Lou brings over 20 years of experience with Fortune 500 and start-up companies to his coaching and consulting company. His experience extends across multiple industries including technology, healthcare, automotive, insurance and real estate. In addition, Lou has successfully started two of his own companies and directly understands the pressures and responsibilities of leaders and teams. He works with teams and leaders to help them link their business strategies to the behaviors necessary for success and then keeps them accountable to their action plan.
At the point someone gives you $500,000, they are subject to a gift tax (so they would be paying). Once you receive the money though, it would be yours free and clear so you would only be subject to the capital gains (the 500K would be part of the basis).
NOTE: I'm not an accountant, so you should really check with one and give them your detailed specifics if you are going to go forward.
My assumption from your question is that a company would buy this for their managers to use. If that is the case, building a freemium version would not guarantee that the company would actually turn around and purchase the product (or premium version) in the future. If you have pilots with companies that are well established names, that should be enough to start trying to get new customers and generate revenue. The surest way to know if your product is good enough is to ask people to pay for it. The fact that you could use some money at this point, only reinforces the decision.
Two other quick points to add to the above suggestions. Questions regarding what made them buy the product or service in the first place will give you a lot of insight as well. For example: What made you choose our product over others available? You can send the question open ended to a small percentage of your 10,000 customers and provide a multiple choice option for the remainder (or once you get some insight from the open ended responses). Secondly, understanding what customers were doing as a workaround before purchasing your product will give insight into how to best target future customers, so include questions regarding this as well.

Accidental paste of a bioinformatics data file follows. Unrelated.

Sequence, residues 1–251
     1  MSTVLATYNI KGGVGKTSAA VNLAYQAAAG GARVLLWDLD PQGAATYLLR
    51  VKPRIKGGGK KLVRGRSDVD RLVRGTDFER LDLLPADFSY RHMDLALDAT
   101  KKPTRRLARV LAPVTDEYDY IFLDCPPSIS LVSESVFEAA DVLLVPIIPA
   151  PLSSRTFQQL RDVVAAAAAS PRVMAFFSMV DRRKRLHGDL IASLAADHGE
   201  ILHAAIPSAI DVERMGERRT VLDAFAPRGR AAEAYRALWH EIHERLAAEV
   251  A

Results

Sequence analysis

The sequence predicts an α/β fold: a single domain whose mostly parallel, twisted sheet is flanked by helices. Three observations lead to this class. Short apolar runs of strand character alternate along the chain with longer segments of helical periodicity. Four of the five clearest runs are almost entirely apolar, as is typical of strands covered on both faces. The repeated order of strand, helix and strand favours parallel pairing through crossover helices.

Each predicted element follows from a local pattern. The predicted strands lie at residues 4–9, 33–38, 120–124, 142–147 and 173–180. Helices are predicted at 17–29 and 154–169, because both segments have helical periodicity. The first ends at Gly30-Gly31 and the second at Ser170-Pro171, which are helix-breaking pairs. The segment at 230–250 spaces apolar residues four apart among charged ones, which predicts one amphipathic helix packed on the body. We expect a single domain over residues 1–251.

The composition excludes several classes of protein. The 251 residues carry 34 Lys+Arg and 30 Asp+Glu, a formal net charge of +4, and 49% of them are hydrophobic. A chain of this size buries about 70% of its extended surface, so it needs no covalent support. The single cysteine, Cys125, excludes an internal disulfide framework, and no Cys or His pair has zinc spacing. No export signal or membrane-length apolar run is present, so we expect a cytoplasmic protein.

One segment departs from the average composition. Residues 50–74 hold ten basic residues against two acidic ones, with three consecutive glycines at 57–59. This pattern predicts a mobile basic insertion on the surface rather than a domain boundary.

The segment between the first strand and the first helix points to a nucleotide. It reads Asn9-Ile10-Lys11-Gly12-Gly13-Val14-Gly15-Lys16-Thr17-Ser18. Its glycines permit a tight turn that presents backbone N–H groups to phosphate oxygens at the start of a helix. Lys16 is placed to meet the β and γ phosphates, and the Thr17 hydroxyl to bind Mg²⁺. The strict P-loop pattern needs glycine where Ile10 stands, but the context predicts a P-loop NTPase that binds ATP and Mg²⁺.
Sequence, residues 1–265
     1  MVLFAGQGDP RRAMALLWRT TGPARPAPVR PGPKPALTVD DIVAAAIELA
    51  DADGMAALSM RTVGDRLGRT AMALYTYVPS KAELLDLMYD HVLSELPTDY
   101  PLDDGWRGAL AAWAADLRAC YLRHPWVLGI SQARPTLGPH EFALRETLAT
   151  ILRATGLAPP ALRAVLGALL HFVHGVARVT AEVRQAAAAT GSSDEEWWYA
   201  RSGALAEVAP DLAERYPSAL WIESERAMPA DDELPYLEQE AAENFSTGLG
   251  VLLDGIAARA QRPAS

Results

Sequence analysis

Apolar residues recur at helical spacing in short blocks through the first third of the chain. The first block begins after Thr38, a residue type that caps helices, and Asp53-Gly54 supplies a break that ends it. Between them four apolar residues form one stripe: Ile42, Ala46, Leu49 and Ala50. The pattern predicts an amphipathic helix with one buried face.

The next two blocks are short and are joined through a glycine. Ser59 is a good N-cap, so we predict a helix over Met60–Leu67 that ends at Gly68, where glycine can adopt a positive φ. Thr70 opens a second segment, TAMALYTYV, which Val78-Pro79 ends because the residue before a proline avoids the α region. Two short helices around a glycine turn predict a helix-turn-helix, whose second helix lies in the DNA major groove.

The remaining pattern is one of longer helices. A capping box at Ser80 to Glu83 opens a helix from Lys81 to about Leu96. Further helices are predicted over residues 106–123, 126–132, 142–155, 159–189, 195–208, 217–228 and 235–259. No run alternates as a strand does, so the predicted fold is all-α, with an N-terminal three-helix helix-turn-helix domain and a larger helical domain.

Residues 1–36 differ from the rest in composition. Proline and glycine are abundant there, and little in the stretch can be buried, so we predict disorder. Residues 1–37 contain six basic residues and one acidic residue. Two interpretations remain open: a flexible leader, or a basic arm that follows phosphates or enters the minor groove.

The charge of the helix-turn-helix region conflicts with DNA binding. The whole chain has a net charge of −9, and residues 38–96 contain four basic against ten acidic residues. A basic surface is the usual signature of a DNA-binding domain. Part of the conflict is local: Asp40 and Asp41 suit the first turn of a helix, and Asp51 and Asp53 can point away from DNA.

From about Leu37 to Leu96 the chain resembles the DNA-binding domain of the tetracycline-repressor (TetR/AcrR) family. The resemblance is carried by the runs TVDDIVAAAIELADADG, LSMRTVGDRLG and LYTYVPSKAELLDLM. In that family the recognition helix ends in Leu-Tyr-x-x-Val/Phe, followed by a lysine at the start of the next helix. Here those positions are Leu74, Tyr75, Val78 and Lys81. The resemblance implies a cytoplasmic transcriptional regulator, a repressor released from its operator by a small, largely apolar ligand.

A lot depends on what you are selling. If it's somewhat of a low risk proposition, going with a small company may not be as much of an issue. If you're looking at a higher risk/exposure product or service, a large company will want to make sure you're well capitalized, will back up your product or service, can scale and provide quick response when there are problems. Think of it this way; You're an executive at a large company and you have to meet deadlines and deliver or management is going to be on your back. Do you risk going with a small provider who may have all the issues discussed above or do you go with a large provider with deep pockets and more extensive resources? The best approach for a small company is to really show expertise and quality in your product or service over and above your competitors. You can try to play bigger than you are, but being upfront and really micro-focusing on solving their problems is usually the best approach. The more comfortable they get with your ability to address their problem better than anyone else, the easier the other objections will fall away.
I'd have to concur with Steve Mason's answer above. You can sit around and try to brainstorm big problems, but you are limited to what you personally have been exposed to and can relate to. Getting involved with contracting or consulting will give you insight into many different environments that you normally would not have known existed. Try to determine what industry you truly have interest in and start there. Get involved with everything and anything you can within that industry (e.g. associations, developer groups, contracting, etc). As you become more and more involved with that industry, you'll start to understand the nuances of the participants and the mindset. From there, you can start to really focus your efforts on uncovering the best opportunities to address.